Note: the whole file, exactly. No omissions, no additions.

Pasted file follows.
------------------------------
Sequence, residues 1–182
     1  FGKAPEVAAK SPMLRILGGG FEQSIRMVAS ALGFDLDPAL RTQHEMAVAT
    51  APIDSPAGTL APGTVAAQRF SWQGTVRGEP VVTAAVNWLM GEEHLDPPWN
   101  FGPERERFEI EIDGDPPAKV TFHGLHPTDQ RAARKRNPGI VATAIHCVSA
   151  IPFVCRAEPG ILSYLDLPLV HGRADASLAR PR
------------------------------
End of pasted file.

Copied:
Sequence, residues 1–182
     1  FGKAPEVAAK SPMLRILGGG FEQSIRMVAS ALGFDLDPAL RTQHEMAVAT
    51  APIDSPAGTL APGTVAAQRF SWQGTVRGEP VVTAAVNWLM GEEHLDPPWN
   101  FGPERERFEI EIDGDPPAKV TFHGLHPTDQ RAARKRNPGI VATAIHCVSA
   151  IPFVCRAEPG ILSYLDLPLV HGRADASLAR PR